Earlier this month, the American Bar Association filed an amicus brief asking the Supreme Court of the United States to overturn Florida’s law that allows juries to recommend the death penalty by a majority vote.
According to the American Bar Association Journal, “The U.S. Supreme Court appeal concerns the case of Timothy Lee Hurst, a man his lawyers say has limited mental abilities […] At issue is a majority jury vote recommending that Hurst should get the death penalty in the brutal 1998 slaying of an assistant manager at the fast-food restaurant where both he and she were employed.” Hurst’s legal counsel claims that Florida’s unique sentencing procedure in death penalty cases violates not only his Sixth Amendment right to a trial by jury but the Eight Amendment prevention of cruel and unusual punishment.
Florida’s death penalty law is different from any other state in that it does not require a unanimous jury vote in order to recommend the maximum punishment at sentencing. Crimes currently punishable by death in Florida include but are not limited to capital drug trafficking, felony-murder, and first-degree murder. Florida was the first state to reintroduce the death penalty after the Supreme Court struck down all statutes countrywide in 1972 after Furman v. Georgia, and remains controversial for having the second largest death row in the country (Texas has the largest).
In its argument summary, the ABA states, “Unique among all capital punishment jurisdictions in the United States, Florida is the only jurisdiction that allows a jury to determine by majority vote both whether aggravating circumstances have been proved beyond a reasonable double and to recommend a sentence of death.” It will be up the Supreme Court to determine whether this jurisdictional distinction violates both the Sixth and Eighth Amendments.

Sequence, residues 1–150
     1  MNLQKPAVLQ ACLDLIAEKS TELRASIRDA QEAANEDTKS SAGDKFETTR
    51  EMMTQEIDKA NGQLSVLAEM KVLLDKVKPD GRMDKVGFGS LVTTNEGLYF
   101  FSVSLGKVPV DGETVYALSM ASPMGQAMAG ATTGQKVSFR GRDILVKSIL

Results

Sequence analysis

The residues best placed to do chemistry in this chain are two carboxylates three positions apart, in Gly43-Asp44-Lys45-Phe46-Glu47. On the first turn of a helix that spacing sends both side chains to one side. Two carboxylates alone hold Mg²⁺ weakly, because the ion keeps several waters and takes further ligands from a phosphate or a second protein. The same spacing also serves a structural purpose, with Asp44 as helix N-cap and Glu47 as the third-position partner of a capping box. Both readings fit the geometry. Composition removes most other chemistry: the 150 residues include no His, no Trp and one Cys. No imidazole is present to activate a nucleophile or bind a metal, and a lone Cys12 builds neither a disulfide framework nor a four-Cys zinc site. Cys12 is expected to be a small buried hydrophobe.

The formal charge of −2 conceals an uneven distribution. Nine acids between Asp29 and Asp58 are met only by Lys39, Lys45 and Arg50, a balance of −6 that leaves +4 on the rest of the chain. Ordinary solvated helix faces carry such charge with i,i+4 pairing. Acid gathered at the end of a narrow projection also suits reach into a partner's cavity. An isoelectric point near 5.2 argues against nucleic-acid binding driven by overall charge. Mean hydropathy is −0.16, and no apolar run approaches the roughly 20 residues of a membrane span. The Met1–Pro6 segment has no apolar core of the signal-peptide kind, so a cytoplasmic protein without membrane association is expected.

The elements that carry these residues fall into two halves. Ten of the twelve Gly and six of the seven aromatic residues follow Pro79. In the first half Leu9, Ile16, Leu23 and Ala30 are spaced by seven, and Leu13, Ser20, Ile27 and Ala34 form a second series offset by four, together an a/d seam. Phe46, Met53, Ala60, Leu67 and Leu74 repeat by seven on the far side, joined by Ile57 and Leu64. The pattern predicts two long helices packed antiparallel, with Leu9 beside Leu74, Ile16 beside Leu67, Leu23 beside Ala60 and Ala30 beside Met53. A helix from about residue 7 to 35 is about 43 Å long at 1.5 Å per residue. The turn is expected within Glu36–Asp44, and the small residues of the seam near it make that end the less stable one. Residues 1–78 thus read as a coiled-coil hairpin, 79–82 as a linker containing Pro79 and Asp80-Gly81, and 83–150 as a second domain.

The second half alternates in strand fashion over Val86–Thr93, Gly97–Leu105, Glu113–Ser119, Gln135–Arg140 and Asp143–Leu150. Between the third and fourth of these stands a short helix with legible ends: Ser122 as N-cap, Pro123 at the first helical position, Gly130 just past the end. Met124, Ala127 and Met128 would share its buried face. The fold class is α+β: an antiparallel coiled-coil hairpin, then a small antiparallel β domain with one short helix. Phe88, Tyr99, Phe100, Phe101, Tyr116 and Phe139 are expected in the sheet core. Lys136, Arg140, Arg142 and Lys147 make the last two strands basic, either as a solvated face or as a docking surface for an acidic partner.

Explains Miami-based legal analyst Kendall Coffey, “We have a love-hate relationship with the death penalty. We see these despicable crimes; we want the maximum punishment applied to people who brutally kill children or to terrorists,” of how capital punishment can help create closure for those affected by unspeakable crimes. He continues, “At the same time we’re very concerned about mistakes being made, both mistakes with respect to selecting who is worthy of dying, if anyone, and mistakes with respect to the actual administration of execution. And these kind of cases, where horrible pains and horrible mistreatment occurs in the course of an execution, are very troubling to Americans and obviously of great concern to the United States Supreme Court.”
In short, there is no easy approach when it comes to the death penalty, especially in Florida where there is already so much controversy surrounding the state’s distinctive majority vote law. As the Supreme Court examines the role of juries and judges in sentencing for capital cases, hopefully more conclusive answers will be reached about how to proceed with sentencing offenders.
Further reading pertaining to capital punishment in Florida:
“ABA asks SCOTUS to overturn Florida law allowing divided juries to recommend death penalty” – ABA Journal article by Martha Neil
“SCOTUS to consider brief related to FL death penalty” – In-depth article by April Warren of the Ocala Star Banner